Architecture is also highly sensitive to cycles largely outside our control: economic, environmental, and social. This season however, it is of course politics, not design that has driven a wedge into the profession.

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IA-Sen: Grassley leads by 17 points in new Selzer poll

U.S. Senator Chuck Grassley is outperforming the top of the Republican ticket and leads former Lieutenant Governor Patty Judge by 53 percent to 36 percent in the latest Iowa poll by Selzer & Co for the Des Moines Register and Mediacom. The Register’s William Petroski wrote up the key findings:

The Iowa Poll shows Grassley has broad support, leading Judge among all groups tested except for four: Democrats, Hillary Clinton supporters, former Bernie Sanders supporters and people who identify with no religion. Among political independents, Grassley leads Judge 54 percent to 30 percent. He leads among men and women and among all age, income and education groups.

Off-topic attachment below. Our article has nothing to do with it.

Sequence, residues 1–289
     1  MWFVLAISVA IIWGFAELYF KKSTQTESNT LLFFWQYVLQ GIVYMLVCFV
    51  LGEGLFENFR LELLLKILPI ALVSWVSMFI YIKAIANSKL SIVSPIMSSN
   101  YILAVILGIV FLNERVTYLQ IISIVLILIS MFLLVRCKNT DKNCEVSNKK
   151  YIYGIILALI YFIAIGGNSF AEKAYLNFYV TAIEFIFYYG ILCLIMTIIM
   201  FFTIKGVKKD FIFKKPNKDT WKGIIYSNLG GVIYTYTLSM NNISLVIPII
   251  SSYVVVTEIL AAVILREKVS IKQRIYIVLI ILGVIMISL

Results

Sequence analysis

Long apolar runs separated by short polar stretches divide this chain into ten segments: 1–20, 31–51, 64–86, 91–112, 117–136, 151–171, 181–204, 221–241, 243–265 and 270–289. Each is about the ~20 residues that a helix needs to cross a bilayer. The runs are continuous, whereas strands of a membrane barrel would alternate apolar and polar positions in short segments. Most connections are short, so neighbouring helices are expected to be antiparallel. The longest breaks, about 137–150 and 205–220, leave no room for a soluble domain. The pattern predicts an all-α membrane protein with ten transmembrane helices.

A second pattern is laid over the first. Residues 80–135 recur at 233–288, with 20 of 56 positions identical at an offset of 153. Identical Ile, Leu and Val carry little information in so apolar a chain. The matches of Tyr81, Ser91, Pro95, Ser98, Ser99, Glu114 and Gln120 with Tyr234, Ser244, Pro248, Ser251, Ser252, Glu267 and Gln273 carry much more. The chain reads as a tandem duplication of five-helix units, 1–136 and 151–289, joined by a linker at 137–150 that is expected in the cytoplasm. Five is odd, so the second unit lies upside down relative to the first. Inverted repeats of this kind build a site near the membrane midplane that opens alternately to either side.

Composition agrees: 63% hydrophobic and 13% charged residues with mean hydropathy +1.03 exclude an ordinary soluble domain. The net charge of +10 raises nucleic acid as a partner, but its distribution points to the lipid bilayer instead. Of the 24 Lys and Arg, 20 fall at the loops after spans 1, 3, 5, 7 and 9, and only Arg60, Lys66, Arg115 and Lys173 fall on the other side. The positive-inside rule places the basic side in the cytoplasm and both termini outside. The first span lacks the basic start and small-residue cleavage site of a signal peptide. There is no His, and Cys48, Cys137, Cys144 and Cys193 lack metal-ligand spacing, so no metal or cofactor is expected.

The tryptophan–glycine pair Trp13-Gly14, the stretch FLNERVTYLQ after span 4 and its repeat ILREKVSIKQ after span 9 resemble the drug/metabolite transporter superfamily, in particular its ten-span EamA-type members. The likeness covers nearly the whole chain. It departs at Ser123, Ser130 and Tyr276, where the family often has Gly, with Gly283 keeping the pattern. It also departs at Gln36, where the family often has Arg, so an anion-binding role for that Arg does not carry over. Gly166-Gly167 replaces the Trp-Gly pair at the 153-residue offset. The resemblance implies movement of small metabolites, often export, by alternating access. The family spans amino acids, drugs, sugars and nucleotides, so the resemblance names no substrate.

Grassley’s job approval rating — with 56 approving and 30 percent disapproving among all adults, not just likely voters — is identical to where it stood in September 2010, before he cruised to victory that November, defeating Democrat Roxanne Conlin by 31 percentage points.

Among the same 642 “likely voter” respondents, Donald Trump leads Hillary Clinton by just 43 percent to 39 percent.

Selzer’s poll was in the field before the release of a 2005 videotape in which Trump bragged about assaulting women he finds attractive. Democrats have blasted Grassley for condemning Trump’s comments but urging Republicans to stick with the GOP ticket, because of the election’s likely impact on the U.S. Supreme Court. I doubt the Trump tape will affect Grassley’s re-election numbers, though.

Iowa Republicans have been spiking the football on this race for some time. Yesterday the Twitter accounts of Grassley’s campaign and campaign manager Bob Haus directed followers to the liberal Daily Kos website, where IA-Sen is now listed as safe Republican. Various other election forecasters see the race the same way.